Anonymous
Anonymous asked in Arts & HumanitiesHistory · 1 decade ago

East TIMOR!!!?

i need information about their traditions and how has it changed after the invasion of indonesia!!!!

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  • 1 decade ago
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    East Timor, officially the Democratic Republic of Timor-Leste or Timor-Leste (from Malay Timor, "east", and Portuguese leste, "east"), is a country in Southeast Asia comprising the eastern half of the island of Timor, the nearby islands of Atauro and Jaco, and Oecussi-Ambeno, an exclave on the northwestern side of the island, within Indonesian West Timor. The small country of 5,376 square miles (14,609 square kilometres) is located about 400 miles (640 km) northwest of Darwin, Australia.

    The name "Timor" derives from timor or timur, the word for "east" in Indonesian and Malay which became "timor" in Portuguese. The Portuguese name Timor-Leste (pron. IPA: [ti'moɾ 'lɛʃtɨ]) and the unofficial Tetum name Timór Lorosa'e are sometimes used in English. Lorosa'e (the word for "east" in Tetum) literally means "rising sun".

    Colonized by Portugal in the sixteenth century, East Timor was known as Portuguese Timor for centuries. It was invaded and occupied by Indonesia in 1975 and declared the country's 27th province the following year. Following the 1999 UN-sponsored act of self-determination that year, Indonesia relinquished control of the territory and East Timor became the first new sovereign state of the twenty-first century on May 20, 2002. Alongside the Philippines, East Timor is one of only two predominantly Roman Catholic countries in Asia, and the only Portuguese-speaking sovereign state in Asia (although Portuguese is also official in the Chinese special administrative region of Macau).

    At $800,[1] East Timor has one of the lowest per capita GDP (Purchasing Power Parity adjusted) in the world. Its Human Development Index (HDI), however, corresponds to a medium degree of human development and places East Timor 142nd among the world's nations.Early history

    Timor was originally populated as part of the human migrations that have shaped Australasia more generally. It is believed that descendents from at least three waves of migration still live in the country. The first were related to the principal indigenous groups of New Guinea and Australia, and arrived before 40,000 years ago. Around 3000 BC, a second migration brought Austronesians, who later continued eastward and colonized Island Oceania, and are possibly associated with the development of agriculture on Timor. Finally, proto-Malays arrived from south China and north Indochina.[2][3] The mountainous nature of the country meant that these groups could remain separate, and explains why there is so much linguistic diversity in East Timor today.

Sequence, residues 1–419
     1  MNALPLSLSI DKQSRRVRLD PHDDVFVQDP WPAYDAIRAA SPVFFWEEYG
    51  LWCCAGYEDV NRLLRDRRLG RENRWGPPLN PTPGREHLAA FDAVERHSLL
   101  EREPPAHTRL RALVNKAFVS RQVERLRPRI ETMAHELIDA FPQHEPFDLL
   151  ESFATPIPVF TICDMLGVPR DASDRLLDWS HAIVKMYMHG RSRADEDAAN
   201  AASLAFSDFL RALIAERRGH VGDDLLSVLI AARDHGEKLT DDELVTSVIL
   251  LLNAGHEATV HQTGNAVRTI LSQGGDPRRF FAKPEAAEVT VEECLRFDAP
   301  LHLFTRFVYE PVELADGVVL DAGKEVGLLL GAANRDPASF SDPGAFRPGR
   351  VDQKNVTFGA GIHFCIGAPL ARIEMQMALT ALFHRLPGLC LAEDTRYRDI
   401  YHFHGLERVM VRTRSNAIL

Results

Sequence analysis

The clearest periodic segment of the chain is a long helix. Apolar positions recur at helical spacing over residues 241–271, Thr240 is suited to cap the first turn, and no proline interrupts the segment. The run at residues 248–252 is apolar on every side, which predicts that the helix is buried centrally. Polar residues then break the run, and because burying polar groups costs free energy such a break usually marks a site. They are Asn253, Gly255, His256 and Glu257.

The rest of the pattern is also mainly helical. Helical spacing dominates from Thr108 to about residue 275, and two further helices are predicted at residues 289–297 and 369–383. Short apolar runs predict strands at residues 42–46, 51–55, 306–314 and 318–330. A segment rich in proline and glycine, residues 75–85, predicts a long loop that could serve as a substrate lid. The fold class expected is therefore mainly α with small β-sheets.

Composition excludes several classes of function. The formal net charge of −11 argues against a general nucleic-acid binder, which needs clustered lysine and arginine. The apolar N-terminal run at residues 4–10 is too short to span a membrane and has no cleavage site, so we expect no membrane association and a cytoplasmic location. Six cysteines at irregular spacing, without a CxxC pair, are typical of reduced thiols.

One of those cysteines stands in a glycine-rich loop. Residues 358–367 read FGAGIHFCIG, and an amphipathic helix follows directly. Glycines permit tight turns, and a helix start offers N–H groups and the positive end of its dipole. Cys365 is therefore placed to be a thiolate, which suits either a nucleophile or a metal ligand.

Timor was incorporated into Chinese and Indian trading networks of the fourteenth century as an exporter of aromatic sandalwood, slaves, honey and wax. Early European explorers report that the island had a number of small chiefdoms or princedoms in the early sixteenth century. One of the most significant is the Wehale kingdom in central Timor, with its capital at Laran, West Timor, to which the Tetum, Bunaq and Kemak ethnic groups were aligned.

    [edit] Portuguese Colonization

    The Portuguese were the first Europeans to colonize South-East Asia when they arrived in the sixteenth century. They established outposts in Timor as well as in several of the surrounding islands. However, during the House of Habsburg's rule over Portugal (1580-1640), all the surrounding outposts were lost and eventually came under Dutch control by the mid seventeenth century. The area became a colony in 1702 with the arrival of the first governor from Lisbon. In the eighteenth century, the Netherlands gained a foothold on the Western half of the island, and was formally given West Timor in 1859 through the Treaty of Lisbon. The definitive border was established by the Hague Treaty of 1916, and it remains the international boundary between the successor states East Timor and Indonesia.

    In late 1941, Portuguese Timor was briefly occupied by Dutch and Australian troops in an attempt to pre-empt a Japanese invasion of the island. The Portuguese Governor protested the invasion, and the Dutch forces returned to the Dutch side of the island. When the Japanese landed and drove the small Australian force out of Dili, the mountainous interior became the scene of a guerrilla campaign, known as the Battle of Timor, waged by Allied forces and Timorese volunteers against the Japanese. The struggle resulted in the deaths of between 40,000 and 70,000 Timorese. Following the end of the war, Portuguese control was reinstated.

    The process of decolonisation in Portuguese Timor began in 1974, following the change of government in Portugal in the wake of the Carnation Revolution. Owing to political instability and more pressing concerns over the decolonisation of Angola and Mozambique, Portugal effectively abandoned East Timor and it unilaterally declared itself independent on November 28, 1975. Nine days later, it was invaded and occupied by Indonesian forces before the declaration could be internationally recognised.Indonesian occupation